The brain loves to find patterns, specifically symmetry. It’s proven that symmetrical faces are found more attractive. Artists continually look for balance in shape, patterns, color, and contrast. We are drawn in by exactly similar and paralleling objects. Our brain gravitates toward symmetry because the pattern is easily recognized and understood. The brain is primed to recognize signs of order in the "accidental" chaos, and to follow a pattern to make sense of the world. Really, that’s all we are trying to do every day, right - make sense of the world?
The natural function of the brain, in order for survival, has always been to find the pattern that helps us navigate our surroundings best. Yet we live in an unbalanced, unsymmetrical culture. How do we make sense of the world we live in? Since our mind has control over the brain, we have the ability to push past the repetition of symmetry and actually regulate what is good for us.
Our innate nature is on the right track, we look for patterns. Considering we have the power to think, feel, and choose, we must engage the world around us to find patterns that may not be symmetrical, but are producing good. What things in your life produce patience, goodness, kindness, self-control? There are things that come easily, that bring us comfort yet are not good for us. We also know that sometimes the most difficult aspects of life are the parts that bring us the greatest health and joy.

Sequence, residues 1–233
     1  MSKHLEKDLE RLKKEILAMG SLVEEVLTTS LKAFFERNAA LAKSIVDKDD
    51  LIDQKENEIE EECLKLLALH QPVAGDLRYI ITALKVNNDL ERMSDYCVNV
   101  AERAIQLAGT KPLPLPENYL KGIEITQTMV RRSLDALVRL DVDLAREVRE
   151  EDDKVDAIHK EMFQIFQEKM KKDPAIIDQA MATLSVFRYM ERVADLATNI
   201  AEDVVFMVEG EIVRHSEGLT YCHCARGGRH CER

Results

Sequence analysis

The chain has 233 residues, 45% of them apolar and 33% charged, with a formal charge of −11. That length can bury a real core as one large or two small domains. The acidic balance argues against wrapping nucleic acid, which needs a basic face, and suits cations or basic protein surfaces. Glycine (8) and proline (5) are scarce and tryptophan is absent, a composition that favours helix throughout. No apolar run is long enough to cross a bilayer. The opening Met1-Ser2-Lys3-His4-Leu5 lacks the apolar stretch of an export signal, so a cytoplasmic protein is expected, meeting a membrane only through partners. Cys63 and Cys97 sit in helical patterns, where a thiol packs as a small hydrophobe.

Here are three tips for making sense of your world and identifying healthy patterns:
Work backwards in decision making
Many of us try to make the best decision for the present moment we are in, and sometimes that’s the best we can do in our given circumstances. But next time you are faced with a big decision, really think about the end result and what would be the best outcome. Think, also, past any material decision and think on a mental/emotional level. What personal characteristics do you want to cultivate through this decision? Do you want to have more patience? More kindness? Once you decide to work backwards and evaluate how your decisions will either enforce or compromise that final goal.
Pay attention to your habits
Have you ever wondered if the problem with your overscheduled, chaotic, restless lifestyle is you?! Healthy self-awareness is very helpful when cultivating patterns that result in health and joy. Next time you’re disappointed in an outcome, think about what habits you have that contributed to this disappointment. Now, this can get ugly quickly, so please remember you are only responsible for you and not the actions of others. Also keep in mind that you require grace. Wanting to change a habit doesn’t mean you are a broken person. It simply means you are human - a human who is willing to take care of themselves and make a better life.
Give yourself permission to step out of the chaos
We are surrounded by patterns and chaos. While our brain tries to make sense of it all, it’s really beneficial to offer yourself a break from the constant analysis. Anytime you feel ‘brain fog’ - that fuzzy feeling you get when you can’t really think straight - that’s a sign you need to step out of the chaos. Get some good sleep, retreat to a favorite place, or get out in nature (as much untouched by humanity as possible). Giving yourself this kind of break allows your brain to restock its chemical supply and recharge, ready for further pattern recognition.